Described as a book for “Pass-Lovers“, this is a collection of some of the most stunning mountain shots you will ever see. The incredible images are shot by Stefan Bogner who runs a design agency in Munich. Each year he takes a break and relocates to the Alps to continue his documentation of the most stunning roads in Europe. They are a combination of images captured from both the road and helicopter through all the seasons. I found the book on a recent trip to Europe, but unfortunately it isn’t available here in the US. It can be ordered from the German publisher Editions Delius here. It isn’t cheap, but believe me if you are looking for some road inspiration, this is the book.
A while back I started thinking about doing a number of limited edition projects in a series of different formats. Short runs, that would allow me to work a little quicker and play around with the formats I love. I just got back the proof of the first of these projects, a poster titled THE GREAT CLIMBS OF EUROPE helping kick-off ELCYCLISTA EDITIONS. Since I was a kid I have loved maps, and could easily spend hours with my head stuck in an atlas taking imaginary trips along roads and up mountains all over the world. This progressed later in life to crossing off the climbs I traveled to around Europe, and highlighting the ones I still hoped to do next. All of this inspired the Climbs poster (click on the images for a larger detail view).
Interestingly, without ever tracing the boundary of a country, the climbs we all love still define the shape of the regions we gravitate to each year to challenge ourselves. I started out with the monuments, those climbs passed into cycling folklore through races and riders that have given them great stories. Then there are those mentioned in conversations with local riders, people we have met on the road, picked up in articles, or discovered through studying race routes. Key cities were added next, the places we travel in and out of, and the ranges and areas where all of these exist. Together these created a footprint that document the climbers playgrounds of Europe, and hopefully giving you some inspiration as to where your next ride might take you. The prints are available for order at our shop here.
The Posters are printed by SUPREME here in Brooklyn and are of exceptional exhibition quality. They are created using the Giclée inkjet printing process using archival inks to create fade-resistant prints, typically used for gallery printing. They are printed onto an enhanced 260gsm Matte paper. We are offering the prints in two standard sizes (unframed), printed to order with a 5 day turnaround:
SIZE 1: 18″ X 24″ print at $80
SIZE 2: 24″ X 36″ print at $140
The total first edition of all sizes will be 124 prints, all hand numbered. Why 124? Well Sean Kelly our fellow country man and all round great rider was know for his exceptional descending skills (check out this video at about 4mins of him coming down the Poggio in pursuit of Argentin). His fastest clocked decent was on the Joux Plane into Morzine at 124 KM/H. So 124 prints in honor of what goes up must go down.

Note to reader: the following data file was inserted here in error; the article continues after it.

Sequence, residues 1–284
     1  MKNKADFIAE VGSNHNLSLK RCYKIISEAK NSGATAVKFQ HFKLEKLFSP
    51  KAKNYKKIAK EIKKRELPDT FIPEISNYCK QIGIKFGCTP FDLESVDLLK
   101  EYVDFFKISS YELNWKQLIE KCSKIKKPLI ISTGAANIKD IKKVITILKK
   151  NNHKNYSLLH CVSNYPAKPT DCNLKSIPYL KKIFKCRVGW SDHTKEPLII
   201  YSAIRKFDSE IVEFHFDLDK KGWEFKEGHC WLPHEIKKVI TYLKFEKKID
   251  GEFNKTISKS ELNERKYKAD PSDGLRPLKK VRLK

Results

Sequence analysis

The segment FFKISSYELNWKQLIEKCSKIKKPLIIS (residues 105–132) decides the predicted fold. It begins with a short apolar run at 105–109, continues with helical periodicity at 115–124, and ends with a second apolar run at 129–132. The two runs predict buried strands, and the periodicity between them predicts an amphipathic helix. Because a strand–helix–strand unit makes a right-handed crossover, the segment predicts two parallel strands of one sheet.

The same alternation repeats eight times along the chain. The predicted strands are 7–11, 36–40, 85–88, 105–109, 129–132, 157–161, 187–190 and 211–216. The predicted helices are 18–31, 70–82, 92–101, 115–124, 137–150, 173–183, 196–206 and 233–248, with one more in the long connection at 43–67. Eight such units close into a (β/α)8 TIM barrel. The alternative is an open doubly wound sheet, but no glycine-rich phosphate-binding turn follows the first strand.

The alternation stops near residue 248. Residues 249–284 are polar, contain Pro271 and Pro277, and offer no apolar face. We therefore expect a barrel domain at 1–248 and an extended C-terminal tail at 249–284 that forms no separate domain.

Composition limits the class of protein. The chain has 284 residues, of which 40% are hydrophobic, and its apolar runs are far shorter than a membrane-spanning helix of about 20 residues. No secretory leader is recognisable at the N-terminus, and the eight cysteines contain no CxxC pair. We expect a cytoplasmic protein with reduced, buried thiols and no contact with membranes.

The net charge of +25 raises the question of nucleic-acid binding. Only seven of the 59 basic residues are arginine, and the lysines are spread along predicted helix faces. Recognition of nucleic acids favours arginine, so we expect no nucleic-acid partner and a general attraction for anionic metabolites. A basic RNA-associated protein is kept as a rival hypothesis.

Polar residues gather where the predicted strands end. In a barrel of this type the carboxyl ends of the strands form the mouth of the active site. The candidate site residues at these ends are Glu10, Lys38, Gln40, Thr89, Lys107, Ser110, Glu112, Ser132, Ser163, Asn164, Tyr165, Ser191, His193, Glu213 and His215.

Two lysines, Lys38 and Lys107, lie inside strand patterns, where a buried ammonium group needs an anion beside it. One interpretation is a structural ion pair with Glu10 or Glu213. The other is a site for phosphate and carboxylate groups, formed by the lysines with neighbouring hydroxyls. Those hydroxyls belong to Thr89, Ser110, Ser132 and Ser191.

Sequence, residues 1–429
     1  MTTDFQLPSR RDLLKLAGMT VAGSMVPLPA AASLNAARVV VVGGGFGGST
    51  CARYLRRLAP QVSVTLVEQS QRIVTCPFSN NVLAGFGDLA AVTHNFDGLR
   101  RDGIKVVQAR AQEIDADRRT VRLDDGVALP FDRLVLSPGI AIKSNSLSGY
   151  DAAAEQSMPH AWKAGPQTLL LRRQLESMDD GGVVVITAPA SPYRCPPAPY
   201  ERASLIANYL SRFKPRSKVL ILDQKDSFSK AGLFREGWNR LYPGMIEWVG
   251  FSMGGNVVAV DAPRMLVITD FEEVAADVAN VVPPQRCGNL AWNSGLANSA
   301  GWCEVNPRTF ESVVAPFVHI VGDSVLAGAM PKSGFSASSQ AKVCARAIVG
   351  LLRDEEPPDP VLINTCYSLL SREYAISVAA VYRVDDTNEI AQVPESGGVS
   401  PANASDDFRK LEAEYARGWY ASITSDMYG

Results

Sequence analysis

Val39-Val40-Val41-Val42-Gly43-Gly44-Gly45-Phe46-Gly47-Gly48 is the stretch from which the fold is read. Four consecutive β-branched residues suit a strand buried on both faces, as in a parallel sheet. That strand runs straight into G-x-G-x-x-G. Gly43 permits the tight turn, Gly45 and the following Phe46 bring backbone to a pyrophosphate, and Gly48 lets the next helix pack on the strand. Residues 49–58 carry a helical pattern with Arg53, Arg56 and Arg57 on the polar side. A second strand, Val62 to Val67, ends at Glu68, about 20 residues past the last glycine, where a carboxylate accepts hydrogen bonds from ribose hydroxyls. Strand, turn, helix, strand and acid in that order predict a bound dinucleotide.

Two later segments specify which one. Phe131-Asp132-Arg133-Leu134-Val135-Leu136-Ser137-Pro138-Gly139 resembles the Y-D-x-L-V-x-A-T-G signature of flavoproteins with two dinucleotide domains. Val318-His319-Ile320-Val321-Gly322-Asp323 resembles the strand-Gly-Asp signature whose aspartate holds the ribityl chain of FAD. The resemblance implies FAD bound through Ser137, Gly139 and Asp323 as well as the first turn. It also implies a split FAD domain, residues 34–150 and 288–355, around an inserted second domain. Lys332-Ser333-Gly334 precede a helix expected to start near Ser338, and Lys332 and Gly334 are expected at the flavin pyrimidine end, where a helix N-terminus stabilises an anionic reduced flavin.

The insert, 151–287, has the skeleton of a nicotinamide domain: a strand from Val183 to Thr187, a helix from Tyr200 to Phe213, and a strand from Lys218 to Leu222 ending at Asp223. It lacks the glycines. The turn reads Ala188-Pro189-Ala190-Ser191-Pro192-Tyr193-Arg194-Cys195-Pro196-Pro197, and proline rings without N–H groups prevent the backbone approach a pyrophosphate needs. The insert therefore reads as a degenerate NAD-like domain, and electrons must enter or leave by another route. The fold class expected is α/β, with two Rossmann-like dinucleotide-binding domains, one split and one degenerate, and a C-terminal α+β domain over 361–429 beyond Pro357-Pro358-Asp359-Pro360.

The prints are available for order at our shop here.
A few years back I sat in a campsite near Bédoin as the sun set over Mont Ventoux and contemplated what was to be my first time over the legend of Provence the following day. It presents an intimidating presence with the radio tower on top serving as a marker for the pain to come. It turned out to be a great day, riding it with two Aussie’s, all of us “Ventoux Virgins”. Of all of the stages in next years Centennial Tour, the Ventoux finish is the one that holds the most potential for me. The idea of two times up Alp D’Huez on paper sounds amazing, but in the end will probably cancel itself out with tactics and strategy. The ASO have set up the Ventoux finish to be an explosive day, for both GC and the stage winner (although they may not be mutually exclusive). It is the perfect stage for a Bastille Day hero. A lumpy approach before the final 20.8km ascent ensures plenty of opportunities for a solo attack, and the French now have in their ranks plenty of riders capable pulling that off. The previous three days favor the sprinters giving any of the GC contenders a chance to sit in and save as much as possible for that final all out slog. And with a rest day to follow, why hold back. So we may well be treated to the spectacle of a lone French attacker being chased down by a group of favorites in the last 5km, with a whole nation screaming him up to the finale. Recognized as one of the hardest climbs in France, and that is when the wind doesn’t blow – if they get hot and windy conditions I expect this to be an epic stage worthy of a 100 year celebration. Then there will be the 3 hour camper van race across to Embrun to get your spot on what looks like being a great TT in the Écrins and the Alps to follow. Those final 8 days might be the time to book your holidays.